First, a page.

In the last 18 months, I’ve seen real growth in the number of enterprise taxonomy projects we’ve been doing for clients. And despite the many benefits a strong enterprise taxonomy can deliver to an organization, I see three challenges organizations face when trying to use them effectively:
- Taxonomies can be static. They’re represented in “flat” media like Excel spreadsheets and Visio charts.
- Taxonomies can be very manual. They require lots of effort to implement them within systems, as well as to keep them current.
- Taxonomies can be abstract exercises. They live only in deliverables, not instantiated in an organization’s systems and processes.
However, I’m working on an enterprise taxonomy effort now that’s looking to be quite different from the typical engagement in a number of important ways and is on track to overcome all these challenges.
Ordinarily when I do an enterprise taxonomy, it’s a foundational project for the organization: They’ve never done taxonomy work in a sustained, thoughtful way before, or if they have, they’ve never been able to extend a single taxonomy across the enterprise. So we’re taking baby steps, and one of the biggest wins of this kind of project is just to make folks aware of what taxonomy is and how it meaningfully impacts their business.
In this case, however, the organization has very mature enterprise architecture and information management capabilities, so they’ve accomplished a fair bit of taxonomy-related work over the last couple of years. Most importantly, they’ve addressed head-on how they create, store, and retrieve the information in their transactional systems, reporting engines, and other managed and structured applications (i.e. their structured data). And although they don’t have a true enterprise taxonomy that they can use to classify their documents (i.e. their unstructured data), they do have a mature business process architecture built out, which is a great place to begin addressing document classification.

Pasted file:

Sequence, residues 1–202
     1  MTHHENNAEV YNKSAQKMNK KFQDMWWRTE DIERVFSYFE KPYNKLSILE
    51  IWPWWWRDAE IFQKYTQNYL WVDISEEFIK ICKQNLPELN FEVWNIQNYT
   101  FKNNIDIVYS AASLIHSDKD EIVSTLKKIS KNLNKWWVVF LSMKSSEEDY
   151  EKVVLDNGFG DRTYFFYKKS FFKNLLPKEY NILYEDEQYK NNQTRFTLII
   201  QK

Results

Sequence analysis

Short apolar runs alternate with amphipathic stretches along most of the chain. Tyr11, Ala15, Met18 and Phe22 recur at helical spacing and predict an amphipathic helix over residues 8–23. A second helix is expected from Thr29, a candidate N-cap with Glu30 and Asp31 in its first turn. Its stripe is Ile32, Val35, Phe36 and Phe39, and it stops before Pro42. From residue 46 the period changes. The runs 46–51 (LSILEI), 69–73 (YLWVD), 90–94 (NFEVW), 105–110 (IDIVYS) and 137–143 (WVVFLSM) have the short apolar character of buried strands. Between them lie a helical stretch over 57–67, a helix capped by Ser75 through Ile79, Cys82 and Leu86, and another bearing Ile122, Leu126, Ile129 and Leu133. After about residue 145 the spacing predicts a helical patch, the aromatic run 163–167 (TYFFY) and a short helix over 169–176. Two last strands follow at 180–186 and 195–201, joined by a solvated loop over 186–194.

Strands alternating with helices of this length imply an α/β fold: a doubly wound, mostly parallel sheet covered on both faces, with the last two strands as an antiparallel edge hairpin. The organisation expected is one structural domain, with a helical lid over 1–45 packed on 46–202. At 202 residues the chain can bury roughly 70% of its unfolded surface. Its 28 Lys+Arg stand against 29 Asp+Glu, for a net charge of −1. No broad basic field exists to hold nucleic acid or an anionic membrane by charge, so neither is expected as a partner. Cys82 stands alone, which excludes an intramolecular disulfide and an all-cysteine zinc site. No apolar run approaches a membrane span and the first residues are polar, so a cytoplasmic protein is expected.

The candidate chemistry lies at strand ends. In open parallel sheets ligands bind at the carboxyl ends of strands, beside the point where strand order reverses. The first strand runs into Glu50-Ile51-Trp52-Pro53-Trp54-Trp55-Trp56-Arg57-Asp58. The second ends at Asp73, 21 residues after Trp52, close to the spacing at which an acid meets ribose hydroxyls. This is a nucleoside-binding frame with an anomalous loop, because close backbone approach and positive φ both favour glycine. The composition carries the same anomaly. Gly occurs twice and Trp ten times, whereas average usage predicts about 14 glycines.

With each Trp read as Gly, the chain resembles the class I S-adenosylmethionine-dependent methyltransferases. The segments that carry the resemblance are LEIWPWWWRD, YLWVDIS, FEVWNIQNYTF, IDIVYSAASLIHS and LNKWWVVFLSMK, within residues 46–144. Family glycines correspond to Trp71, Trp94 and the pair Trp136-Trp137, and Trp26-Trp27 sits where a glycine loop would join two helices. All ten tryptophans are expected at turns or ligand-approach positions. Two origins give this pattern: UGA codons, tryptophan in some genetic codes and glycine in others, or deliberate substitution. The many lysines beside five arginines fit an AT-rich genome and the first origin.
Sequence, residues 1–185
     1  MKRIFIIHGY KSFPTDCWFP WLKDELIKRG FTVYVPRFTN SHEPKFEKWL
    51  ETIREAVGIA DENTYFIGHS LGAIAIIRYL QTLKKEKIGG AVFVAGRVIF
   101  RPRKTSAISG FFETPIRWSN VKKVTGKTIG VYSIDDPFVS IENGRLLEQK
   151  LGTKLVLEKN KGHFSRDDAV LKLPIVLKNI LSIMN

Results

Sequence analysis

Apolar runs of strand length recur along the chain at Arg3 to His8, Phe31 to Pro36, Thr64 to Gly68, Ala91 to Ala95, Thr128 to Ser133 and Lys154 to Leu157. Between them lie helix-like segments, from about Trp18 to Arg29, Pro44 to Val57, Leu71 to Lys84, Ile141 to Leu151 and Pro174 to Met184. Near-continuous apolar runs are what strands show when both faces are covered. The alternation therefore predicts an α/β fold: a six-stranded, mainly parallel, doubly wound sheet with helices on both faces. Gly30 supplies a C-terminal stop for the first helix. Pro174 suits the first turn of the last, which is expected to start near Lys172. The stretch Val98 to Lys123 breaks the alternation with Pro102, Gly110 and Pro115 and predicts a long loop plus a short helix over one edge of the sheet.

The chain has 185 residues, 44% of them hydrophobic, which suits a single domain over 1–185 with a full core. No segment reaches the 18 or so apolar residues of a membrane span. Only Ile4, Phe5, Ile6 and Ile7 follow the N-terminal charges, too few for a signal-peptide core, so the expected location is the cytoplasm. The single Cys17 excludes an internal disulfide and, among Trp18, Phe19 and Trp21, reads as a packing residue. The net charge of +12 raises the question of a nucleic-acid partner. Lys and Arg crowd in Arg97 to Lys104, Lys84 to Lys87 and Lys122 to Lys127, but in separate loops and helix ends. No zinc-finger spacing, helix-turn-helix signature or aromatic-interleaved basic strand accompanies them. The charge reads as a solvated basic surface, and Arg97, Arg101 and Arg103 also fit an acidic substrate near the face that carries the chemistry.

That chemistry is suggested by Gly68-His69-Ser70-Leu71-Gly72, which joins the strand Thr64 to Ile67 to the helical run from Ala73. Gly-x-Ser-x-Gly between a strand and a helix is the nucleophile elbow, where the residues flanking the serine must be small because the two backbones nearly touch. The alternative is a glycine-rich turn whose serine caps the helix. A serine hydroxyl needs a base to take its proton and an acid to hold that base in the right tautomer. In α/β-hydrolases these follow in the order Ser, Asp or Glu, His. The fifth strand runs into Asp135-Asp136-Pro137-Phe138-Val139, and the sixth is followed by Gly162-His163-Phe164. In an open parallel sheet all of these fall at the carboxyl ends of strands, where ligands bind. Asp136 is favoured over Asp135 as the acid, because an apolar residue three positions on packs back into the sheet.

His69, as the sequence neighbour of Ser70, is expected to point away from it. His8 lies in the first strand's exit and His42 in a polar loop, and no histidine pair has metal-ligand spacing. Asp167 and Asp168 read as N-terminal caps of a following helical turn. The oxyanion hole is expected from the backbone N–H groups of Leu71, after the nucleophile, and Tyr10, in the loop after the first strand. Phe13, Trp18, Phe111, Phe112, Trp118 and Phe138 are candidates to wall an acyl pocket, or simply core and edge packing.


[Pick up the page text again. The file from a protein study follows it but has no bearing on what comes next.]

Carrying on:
They also have some very robust enterprise tools in place that can be used to help manage their taxonomy—IBM’s Rational Asset Manager (RAM), both Enterprise Meta Environment (EME) and Enterprise Metadata Management System (EMMS) from Ab Initio, and Envison—and they use them. This is in stark contrast to almost all the organizations I’ve worked with, which either have no tools in place for managing taxonomy/metadata, or they have tools they don’t really use in a meaningful way.
Enough context. Let’s look at how they’re poised to address the three challenges I cited above.
Challenge 1: Taxonomies Can Be Static
Right out of the gate, this organization is positioned to avoid the first challenge, that taxonomies can be static. Given the tools they have, they’ll be able to load the detailed results of the taxonomy project (ordinarily a spreadsheet containing the parent-child relations between categories) into a relational database that can be accessed by RAM, EME, or EMMS. From there, the taxonomy can be coupled with the metadata standards they already have in place, represented in metadata fields that can be syndicated throughout their structured data repositories, associated with the assets managed in RAM, and so on.
And with the process modeling capabilities they have through Envision, they’re able to free the taxonomy from the bounds of flatland: by clicking on categories in the taxonomy, users can move up and down the parent-child hierarchy or see the documents and metadata associated with each category—a far cry from flipping through a combination of 11×17 PDF pages and spreadsheet tabs to navigate the taxonomy.
So far, so good. In the next post, we’ll take a look at the remaining two challenges and how this client is meeting them.